17-050 Dworshak Dam discharge flows to decrease

Published April 14, 2017
AHSAHKA, Idaho – Dworshak Dam discharge flows will begin decreasing at 12:01 a.m. tomorrow, April 15, according to U.S. Army Corps of Engineers officials.

Flows will decrease during a 4-hour period from the current volume of 25,000 cubic feet per second (cfs) to a target flow of 8,000 cfs. The decrease will result in lower water levels and velocities in the North Fork Clearwater River. The change in flows coming from the Clearwater River’s North Fork will affect river surface elevation at and near the confluence with the main stem Clearwater River as flows are being adjusted.

Reducing Dworshak discharge flows will also lower total dissolved gas (TDG) in the river to levels better tolerated by juvenile fish species.

This change in flow operations is being conducted because low-elevation snowpack is no longer anticipated to increase. Currently, about 2.9 million acre-feet of water remains in the North Fork sub-basin snowpack, and about 1.4 million acre-feet of available space remains of the reservoir’s 2 million acre-feet capacity. Dworshak Reservoir’s surface elevation is currently about 1,505 feet mean sea level. Future seasonal increases or decreases may be necessary as conditions change.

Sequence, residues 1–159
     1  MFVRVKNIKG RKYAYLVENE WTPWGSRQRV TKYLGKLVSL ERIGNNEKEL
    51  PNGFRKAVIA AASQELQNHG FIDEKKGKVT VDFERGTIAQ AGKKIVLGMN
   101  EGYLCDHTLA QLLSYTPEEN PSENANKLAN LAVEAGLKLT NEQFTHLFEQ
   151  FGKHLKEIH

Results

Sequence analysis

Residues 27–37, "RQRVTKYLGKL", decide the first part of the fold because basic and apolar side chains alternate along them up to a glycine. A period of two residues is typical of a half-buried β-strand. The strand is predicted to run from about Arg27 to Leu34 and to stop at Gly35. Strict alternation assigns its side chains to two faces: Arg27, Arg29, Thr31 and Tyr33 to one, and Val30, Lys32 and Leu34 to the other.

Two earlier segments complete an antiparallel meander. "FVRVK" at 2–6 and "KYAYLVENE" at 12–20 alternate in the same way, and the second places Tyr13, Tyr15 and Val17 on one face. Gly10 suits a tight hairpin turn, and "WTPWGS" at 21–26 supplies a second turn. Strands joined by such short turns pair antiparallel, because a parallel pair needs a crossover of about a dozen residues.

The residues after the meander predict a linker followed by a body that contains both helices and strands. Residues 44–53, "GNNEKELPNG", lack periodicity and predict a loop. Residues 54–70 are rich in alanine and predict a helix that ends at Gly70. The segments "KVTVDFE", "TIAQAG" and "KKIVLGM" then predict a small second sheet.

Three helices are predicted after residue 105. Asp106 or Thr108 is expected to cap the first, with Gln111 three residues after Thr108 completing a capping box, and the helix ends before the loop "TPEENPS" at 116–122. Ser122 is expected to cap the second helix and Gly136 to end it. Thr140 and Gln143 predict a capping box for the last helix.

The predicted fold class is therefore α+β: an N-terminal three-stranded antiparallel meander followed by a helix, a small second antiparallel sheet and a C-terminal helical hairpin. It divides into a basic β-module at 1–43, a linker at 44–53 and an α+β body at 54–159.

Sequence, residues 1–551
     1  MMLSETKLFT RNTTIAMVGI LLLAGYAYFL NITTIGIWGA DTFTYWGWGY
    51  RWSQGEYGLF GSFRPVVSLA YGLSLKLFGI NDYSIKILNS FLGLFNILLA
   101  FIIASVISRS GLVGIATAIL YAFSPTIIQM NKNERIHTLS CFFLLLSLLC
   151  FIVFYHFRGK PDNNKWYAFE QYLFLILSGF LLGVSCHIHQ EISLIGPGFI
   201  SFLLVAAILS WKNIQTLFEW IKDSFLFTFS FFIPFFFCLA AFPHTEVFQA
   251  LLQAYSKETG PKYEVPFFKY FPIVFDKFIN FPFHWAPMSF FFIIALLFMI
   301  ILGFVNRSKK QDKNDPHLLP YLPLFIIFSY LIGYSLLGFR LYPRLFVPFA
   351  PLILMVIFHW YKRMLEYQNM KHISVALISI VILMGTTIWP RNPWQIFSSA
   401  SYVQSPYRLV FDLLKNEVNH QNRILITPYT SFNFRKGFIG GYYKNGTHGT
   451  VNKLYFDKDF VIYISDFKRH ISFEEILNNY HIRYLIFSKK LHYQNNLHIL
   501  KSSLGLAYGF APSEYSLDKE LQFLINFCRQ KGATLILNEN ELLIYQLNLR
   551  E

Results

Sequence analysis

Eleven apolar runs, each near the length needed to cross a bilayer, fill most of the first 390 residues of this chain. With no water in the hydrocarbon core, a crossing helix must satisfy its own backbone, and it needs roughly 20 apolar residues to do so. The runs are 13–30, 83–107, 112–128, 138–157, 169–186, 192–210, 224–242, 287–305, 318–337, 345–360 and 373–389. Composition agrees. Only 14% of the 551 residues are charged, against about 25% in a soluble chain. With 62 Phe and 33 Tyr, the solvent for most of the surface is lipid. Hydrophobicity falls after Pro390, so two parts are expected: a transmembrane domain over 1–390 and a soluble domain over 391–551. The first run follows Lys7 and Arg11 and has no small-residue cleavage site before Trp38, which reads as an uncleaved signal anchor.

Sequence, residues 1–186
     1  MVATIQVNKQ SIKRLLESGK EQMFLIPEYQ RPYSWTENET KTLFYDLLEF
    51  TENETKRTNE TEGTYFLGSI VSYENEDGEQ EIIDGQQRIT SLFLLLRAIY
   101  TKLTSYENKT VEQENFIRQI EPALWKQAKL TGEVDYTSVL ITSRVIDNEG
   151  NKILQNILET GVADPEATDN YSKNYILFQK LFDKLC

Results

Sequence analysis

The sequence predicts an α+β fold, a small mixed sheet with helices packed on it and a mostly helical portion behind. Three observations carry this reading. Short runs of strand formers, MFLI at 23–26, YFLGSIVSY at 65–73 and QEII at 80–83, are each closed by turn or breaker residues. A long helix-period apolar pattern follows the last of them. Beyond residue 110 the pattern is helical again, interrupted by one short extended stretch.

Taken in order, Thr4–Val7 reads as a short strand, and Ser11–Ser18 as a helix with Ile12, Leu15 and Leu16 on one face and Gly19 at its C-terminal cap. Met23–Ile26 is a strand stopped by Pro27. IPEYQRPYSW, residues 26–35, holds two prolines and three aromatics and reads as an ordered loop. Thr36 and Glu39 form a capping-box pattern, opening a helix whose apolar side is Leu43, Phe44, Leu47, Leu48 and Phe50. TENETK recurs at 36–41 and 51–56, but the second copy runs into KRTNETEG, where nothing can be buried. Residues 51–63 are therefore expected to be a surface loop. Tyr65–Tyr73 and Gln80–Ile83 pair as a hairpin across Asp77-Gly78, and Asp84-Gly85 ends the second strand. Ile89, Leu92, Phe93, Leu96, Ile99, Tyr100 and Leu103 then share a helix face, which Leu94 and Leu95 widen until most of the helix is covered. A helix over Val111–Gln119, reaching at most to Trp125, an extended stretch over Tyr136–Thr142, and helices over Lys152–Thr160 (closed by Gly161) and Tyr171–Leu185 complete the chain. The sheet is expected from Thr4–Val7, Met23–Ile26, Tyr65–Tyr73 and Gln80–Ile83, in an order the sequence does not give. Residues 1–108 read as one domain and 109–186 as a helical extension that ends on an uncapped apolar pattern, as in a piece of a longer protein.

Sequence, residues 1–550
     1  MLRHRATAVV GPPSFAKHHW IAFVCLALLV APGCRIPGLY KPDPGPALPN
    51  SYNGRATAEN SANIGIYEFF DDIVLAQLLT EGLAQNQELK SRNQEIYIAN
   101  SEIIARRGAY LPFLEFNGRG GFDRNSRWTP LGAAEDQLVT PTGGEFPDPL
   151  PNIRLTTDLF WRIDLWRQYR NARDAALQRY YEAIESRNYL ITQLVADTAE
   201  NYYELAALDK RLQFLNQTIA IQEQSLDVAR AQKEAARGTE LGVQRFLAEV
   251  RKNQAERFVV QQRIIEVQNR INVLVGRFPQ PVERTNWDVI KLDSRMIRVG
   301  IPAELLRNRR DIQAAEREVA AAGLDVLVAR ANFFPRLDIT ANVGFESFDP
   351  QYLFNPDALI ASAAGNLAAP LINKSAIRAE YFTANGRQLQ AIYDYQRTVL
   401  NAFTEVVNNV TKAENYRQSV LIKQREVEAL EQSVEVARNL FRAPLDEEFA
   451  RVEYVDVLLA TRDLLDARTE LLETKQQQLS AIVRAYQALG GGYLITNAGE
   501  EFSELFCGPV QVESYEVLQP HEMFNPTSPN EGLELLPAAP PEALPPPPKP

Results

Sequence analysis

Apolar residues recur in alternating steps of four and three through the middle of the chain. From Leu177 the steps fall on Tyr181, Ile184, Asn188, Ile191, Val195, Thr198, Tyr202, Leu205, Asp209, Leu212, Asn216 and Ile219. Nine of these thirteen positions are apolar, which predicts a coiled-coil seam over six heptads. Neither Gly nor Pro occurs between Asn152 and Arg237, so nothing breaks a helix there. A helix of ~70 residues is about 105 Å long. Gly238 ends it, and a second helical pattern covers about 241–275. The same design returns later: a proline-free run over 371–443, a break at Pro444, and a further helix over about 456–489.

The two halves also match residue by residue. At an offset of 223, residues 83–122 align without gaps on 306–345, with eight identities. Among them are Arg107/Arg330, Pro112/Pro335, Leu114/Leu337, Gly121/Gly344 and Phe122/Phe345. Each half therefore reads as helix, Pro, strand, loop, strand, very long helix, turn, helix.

For safety, the public is advised to be aware of danger associated with fluctuating river flows and elevations. Outflow water is deep, cold and fast, so extreme caution should be used near river banks. Boaters, anglers and other people using waterways both in Dworshak Reservoir and below the dam on the Clearwater River are advised to be alert to changes up or down in water elevation and volume of flow. Current Dworshak water-management conditions can be viewed on the Walla Walla District website at www.nwd-wc.usace.army.mil/nww/rreports.htm.

This year, Dworshak Powerhouse Unit 3 is out of service from September 2016 through mid-2017 and is unable to pass water from the reservoir until it goes back into service. The 220,000-kilowatt generator is capable of passing 5,600 cfs through the powerhouse. Units 1 and 2 combined pass 4,800 cfs. Water being passed through the Powerhouse units contain less total dissolved gasses than water spilled from higher up the dam. The dam has three Powerhouse units.

Public Affairs Office

Release no. 17-050